We all have some primal fear of being attacked by sharks in the water, but what about something even more commonplace? Jellyfish exist all over the world, ranging from nearly harmless to extremely venomous. In Australia, a sting from the box jellyfish is so poisonous and painful that victims often go into shock and drown before they can reach shore.
But most jellyfish stings are easily treatable. If you're stung, clean the area with seawater, followed by vinegar. (One exception, according to the Mayo Clinic, is a sting from the Chesapeake Bay area sea nettle, which responds better to baking soda.)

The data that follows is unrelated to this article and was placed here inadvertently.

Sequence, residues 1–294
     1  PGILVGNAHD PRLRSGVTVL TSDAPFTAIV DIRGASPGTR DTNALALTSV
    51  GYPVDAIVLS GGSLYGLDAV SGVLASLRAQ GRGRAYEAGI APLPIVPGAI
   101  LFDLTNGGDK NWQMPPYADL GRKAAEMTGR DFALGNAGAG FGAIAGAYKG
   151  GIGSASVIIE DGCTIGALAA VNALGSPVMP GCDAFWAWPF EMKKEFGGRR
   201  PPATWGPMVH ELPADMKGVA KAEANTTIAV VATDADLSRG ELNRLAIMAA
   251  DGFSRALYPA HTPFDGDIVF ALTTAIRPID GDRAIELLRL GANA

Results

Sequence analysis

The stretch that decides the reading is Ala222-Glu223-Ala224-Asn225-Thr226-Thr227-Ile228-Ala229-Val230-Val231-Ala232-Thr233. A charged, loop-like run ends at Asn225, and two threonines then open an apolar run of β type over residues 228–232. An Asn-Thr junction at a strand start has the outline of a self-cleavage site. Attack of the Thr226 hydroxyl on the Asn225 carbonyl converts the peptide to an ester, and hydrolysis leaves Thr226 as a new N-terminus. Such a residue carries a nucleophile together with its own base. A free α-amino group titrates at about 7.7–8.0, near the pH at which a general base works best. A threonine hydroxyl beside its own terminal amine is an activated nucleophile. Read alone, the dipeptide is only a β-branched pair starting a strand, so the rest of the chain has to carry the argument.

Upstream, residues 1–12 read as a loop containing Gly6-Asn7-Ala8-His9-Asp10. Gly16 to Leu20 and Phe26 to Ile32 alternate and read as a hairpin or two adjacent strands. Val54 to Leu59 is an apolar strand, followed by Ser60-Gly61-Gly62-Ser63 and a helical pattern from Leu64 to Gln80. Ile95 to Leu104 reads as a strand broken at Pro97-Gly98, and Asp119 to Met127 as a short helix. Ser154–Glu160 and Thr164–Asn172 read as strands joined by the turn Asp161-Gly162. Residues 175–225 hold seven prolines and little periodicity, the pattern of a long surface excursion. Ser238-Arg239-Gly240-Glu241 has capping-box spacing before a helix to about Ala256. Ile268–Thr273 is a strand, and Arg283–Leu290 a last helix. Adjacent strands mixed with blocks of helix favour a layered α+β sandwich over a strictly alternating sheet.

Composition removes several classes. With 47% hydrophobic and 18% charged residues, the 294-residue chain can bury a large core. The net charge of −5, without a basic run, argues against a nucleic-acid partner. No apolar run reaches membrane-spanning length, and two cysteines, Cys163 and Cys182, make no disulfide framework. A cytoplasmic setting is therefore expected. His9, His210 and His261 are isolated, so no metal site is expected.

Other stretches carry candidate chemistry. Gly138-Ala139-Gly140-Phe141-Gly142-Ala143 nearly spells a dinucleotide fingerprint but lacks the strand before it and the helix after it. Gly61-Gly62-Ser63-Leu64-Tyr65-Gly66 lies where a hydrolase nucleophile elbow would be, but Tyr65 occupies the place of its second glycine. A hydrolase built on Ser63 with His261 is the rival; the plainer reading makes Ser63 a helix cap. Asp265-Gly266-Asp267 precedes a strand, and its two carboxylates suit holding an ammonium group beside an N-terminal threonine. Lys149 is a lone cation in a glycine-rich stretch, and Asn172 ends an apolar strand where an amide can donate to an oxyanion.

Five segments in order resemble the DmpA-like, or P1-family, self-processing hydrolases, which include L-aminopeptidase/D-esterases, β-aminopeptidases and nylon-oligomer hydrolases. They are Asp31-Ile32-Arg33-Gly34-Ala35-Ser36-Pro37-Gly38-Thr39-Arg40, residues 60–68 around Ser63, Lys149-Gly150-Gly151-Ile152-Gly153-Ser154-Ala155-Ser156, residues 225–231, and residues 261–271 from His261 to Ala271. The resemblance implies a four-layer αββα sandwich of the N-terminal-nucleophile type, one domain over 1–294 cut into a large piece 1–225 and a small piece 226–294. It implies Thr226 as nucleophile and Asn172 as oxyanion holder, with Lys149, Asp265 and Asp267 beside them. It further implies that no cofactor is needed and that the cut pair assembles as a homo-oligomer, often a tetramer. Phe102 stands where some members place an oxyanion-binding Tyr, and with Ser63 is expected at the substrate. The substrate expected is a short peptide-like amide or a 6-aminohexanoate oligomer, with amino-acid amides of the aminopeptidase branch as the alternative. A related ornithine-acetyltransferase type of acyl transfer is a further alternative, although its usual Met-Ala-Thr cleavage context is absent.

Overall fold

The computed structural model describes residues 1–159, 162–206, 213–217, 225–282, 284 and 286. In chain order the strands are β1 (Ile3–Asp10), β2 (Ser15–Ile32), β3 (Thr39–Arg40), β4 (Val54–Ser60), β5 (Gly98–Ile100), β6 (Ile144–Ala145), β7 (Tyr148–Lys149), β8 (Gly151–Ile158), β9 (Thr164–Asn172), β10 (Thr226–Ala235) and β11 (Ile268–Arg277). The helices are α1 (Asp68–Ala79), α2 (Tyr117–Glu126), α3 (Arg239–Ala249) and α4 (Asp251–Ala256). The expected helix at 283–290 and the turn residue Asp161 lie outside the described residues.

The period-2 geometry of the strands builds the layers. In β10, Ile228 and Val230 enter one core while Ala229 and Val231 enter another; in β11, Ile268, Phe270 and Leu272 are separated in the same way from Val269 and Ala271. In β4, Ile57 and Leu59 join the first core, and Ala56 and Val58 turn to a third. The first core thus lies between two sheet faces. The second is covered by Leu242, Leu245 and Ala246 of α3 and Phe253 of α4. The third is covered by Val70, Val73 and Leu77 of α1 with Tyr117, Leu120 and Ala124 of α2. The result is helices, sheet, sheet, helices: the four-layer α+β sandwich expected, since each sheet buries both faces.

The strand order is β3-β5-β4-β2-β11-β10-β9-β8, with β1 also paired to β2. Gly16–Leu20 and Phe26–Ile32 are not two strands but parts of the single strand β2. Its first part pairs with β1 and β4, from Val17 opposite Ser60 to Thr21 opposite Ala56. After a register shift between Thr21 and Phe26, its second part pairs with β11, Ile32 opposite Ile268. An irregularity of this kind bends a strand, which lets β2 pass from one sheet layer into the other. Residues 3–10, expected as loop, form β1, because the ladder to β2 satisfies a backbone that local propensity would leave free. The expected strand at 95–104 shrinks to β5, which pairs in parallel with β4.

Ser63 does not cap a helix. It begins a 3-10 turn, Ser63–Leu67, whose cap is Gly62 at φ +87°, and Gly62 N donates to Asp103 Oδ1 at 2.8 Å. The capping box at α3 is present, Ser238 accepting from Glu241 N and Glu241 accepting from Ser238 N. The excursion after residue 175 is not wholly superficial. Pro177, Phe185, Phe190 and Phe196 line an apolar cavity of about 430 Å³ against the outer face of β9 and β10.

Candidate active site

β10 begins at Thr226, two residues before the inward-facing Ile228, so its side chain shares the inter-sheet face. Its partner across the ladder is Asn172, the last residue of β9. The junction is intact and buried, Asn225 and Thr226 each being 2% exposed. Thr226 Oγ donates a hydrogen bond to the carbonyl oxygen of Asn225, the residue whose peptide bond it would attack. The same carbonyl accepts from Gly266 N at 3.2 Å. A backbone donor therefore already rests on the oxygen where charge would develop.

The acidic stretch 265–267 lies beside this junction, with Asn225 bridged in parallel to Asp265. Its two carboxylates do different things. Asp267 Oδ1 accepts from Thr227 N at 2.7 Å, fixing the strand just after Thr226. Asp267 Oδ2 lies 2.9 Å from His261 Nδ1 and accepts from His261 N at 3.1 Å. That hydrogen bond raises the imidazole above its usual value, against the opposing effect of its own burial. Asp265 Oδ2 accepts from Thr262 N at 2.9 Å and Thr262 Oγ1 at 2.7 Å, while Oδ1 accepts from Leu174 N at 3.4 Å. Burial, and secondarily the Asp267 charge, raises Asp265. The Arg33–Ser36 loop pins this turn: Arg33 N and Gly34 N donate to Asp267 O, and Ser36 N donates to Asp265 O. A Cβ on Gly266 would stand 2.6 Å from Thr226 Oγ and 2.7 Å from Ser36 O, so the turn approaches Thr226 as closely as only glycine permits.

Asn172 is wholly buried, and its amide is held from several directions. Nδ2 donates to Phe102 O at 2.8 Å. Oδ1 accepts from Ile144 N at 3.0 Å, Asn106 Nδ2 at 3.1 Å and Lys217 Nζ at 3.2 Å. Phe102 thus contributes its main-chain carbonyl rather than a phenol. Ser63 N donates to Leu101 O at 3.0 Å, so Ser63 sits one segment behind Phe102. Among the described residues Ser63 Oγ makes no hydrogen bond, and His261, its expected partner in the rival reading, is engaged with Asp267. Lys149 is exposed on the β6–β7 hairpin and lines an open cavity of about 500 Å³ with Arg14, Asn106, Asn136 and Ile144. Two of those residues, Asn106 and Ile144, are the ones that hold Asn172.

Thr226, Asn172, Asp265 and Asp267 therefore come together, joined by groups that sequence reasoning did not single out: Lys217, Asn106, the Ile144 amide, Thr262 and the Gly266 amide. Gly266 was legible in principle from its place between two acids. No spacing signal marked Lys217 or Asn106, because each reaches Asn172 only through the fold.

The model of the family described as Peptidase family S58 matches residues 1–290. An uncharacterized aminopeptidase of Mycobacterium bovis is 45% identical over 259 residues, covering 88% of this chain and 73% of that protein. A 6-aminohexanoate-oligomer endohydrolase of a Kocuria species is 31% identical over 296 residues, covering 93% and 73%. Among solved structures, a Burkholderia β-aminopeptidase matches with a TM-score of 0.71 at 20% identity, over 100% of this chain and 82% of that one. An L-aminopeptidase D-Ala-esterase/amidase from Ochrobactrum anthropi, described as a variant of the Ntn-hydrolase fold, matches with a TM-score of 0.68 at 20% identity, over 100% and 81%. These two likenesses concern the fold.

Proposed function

Leftover stingers can be scraped off by covering the area with a paste of seawater and talcum powder or baking soda and waiting until it dries. After that, ice and common Calamine lotion or other over-the-counter skin cream can help soothe the area.
Seek medical attention if you see swelling or redness over a large area of skin, or if you have a severe reaction like difficulty breathing or nausea.